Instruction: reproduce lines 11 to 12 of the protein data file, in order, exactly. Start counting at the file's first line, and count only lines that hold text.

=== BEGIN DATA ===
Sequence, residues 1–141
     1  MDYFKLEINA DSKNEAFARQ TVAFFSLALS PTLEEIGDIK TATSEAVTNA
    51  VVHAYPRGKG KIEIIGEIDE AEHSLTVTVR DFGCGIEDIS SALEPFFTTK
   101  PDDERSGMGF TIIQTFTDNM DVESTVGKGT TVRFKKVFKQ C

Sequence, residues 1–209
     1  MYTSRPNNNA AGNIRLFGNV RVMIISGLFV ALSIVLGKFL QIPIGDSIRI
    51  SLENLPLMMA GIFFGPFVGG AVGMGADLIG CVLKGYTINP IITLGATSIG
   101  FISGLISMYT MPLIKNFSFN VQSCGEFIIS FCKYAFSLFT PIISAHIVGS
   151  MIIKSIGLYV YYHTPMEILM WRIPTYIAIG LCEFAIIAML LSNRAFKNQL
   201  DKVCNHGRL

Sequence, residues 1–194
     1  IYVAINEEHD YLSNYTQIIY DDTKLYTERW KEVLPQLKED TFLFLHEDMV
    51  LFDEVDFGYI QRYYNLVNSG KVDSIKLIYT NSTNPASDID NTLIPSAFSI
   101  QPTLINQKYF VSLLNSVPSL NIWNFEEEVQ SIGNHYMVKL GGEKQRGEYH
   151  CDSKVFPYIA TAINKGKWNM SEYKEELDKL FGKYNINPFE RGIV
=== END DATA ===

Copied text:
Sequence, residues 1–194
     1  IYVAINEEHD YLSNYTQIIY DDTKLYTERW KEVLPQLKED TFLFLHEDMV